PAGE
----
When saxophonist Angelika Niescier was awarded the German Jazz Prize in 2017, the jury back then pointed out: "With every tone and with every word she shows great curiosity about her partner's stance – doing so with a stylistic and integrative open-mindedness that encourages traversing new paths together rather than building on her own experience."
The Cologne-based musician's curiosity and desire to seek out new music adventures sees her back in Malaysia this weekend for an experimental-minded concert.
She will lead her jazz outfit Angelika Niescier Trio, which will play alongside percussion-based outfit Orang Orang Drum Theatre at The Hidden Tune live showcase series at REXKL from Aug 12-14.
It will feature six Orang Orang Drum Theatre percussionists, Niescier, trumpeter John-Dennis Renken and bassist Matthias Akeo Nowak.
This hour-long show was put together by Orang Orang Drum Theatre and Niescier in 2019, but the project was paused due to the pandemic. The KL staging was originally planned in April 2020.
"The Hidden Tune is not merely a mutual translation between two languages; it is a mixture of frequencies from two channels, hard to define yet full of excitement – a distinctive, striking musical collaboration across cultures," said Niescier about the postponed show back in 2020.
Finally, this year both groups enjoyed working together when the borders reopened and international travel made accessible.
The Hidden Tune had its European trek when it opened at the arts festival Kulturzentrum Bessunger Knabenschule in Darmstadt, Germany on May 27, followed by the Music Meeting Festival at Nijmegen, Netherlands (June 4) and the Moers Festival in Moers, Germany (June 5).
This weekend, it welcomes music lovers to its Malaysian debut at REXKL, an old cinema building space in downtown Kuala Lumpur.
Making a new connection
Through the years, Niescier is known for her keen interest in wider artistic exchange and creative encounters. The saxophonist is also no stranger to the Malaysian music scene.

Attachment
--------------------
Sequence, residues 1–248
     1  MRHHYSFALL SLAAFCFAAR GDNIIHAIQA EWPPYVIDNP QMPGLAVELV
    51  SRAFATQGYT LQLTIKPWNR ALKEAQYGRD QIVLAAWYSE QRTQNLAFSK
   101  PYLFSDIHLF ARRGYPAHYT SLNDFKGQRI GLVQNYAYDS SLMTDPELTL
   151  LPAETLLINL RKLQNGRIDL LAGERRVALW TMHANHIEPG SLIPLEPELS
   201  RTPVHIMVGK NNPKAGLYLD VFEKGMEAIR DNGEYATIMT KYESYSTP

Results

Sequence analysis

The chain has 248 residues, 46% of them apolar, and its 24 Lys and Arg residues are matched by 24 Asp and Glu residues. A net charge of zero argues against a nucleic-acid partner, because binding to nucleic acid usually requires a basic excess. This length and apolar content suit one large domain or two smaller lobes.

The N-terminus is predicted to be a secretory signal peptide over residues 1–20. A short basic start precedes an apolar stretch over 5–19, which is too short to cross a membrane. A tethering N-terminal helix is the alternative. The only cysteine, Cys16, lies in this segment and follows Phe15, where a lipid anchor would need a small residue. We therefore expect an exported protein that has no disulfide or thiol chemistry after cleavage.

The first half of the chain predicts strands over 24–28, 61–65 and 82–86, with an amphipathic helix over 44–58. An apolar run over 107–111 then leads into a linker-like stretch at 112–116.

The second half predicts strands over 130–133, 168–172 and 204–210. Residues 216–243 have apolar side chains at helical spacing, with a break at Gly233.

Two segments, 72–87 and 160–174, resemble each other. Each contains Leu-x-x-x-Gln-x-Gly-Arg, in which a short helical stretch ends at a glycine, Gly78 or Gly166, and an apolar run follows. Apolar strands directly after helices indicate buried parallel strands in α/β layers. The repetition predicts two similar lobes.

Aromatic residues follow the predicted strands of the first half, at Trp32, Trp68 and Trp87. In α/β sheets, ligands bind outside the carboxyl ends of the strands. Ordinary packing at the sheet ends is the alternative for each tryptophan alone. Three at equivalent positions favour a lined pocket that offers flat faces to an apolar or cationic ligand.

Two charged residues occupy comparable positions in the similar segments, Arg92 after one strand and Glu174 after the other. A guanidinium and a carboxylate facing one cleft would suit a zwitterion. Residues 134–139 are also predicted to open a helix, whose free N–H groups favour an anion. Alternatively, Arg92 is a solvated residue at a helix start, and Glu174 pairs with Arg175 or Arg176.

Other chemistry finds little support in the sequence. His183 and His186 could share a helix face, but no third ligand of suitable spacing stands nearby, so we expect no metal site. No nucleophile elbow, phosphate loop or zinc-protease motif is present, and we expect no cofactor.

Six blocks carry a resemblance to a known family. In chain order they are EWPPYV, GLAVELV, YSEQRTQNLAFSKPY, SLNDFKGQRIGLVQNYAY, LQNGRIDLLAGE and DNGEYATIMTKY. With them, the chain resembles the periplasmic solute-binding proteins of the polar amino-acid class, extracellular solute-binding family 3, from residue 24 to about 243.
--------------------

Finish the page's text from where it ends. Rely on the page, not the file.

“It all started way back in 2016 at the Johor Jazz Festival. Angelika heard the unified pounding of the 24 Festive Drums (an art form with Malaysian origins) that we were playing.
"It was something she had never heard before and this sparked her interest. She was eager to carry out a musical dialogue with these drums,” recalled Zyee Leow, Orang Orang Drum Theatre assistant artistic director.
Niescier also performed at the Penang Island Jazz Festival in 2015 and returned for a jazz club gig at No Black Tie in KL in 2019.
That tour visit in 2019 sparked the creative collaboration that led to The Hidden Tune.
“She finally brought her saxophone to our studio in 2019 and we had a great jamming and improvisation session. And we realised that there's still more to be discovered from this experiment. This is how The Hidden Tune was born,” she added.
The Hidden Tune, which will be presented as an eight-part suite, is arguably the very first undertaking featuring these two genres – the 24 Festive Drums and European jazz – in this region and beyond.
On stage, the shigu (lion dance drum), jingu (barrel drum), jidor (a large double-headed barrel drum from Johor), Chinese gongs and East Malaysian gongs will combine with the jazz trio setting of the saxophone, trumpet and bass.
The 24 Festive Drums gave the traditional art of drumming in Chinese culture a rethink when it first emerged in Johor Baru in 1988.
Inspired by the solo drum used in the rhythmic lion dance and 24 solar terms used in traditional Chinese agricultural calendar, this new form of Malaysian Chinese percussion art/performance has since been widely practised and recognised in several countries worldwide.
This concert series is supported by the Goethe-Institut Malaysia, Yayasan Sime Darby, Boh Tea and arts portal Kakiseni.
More info here.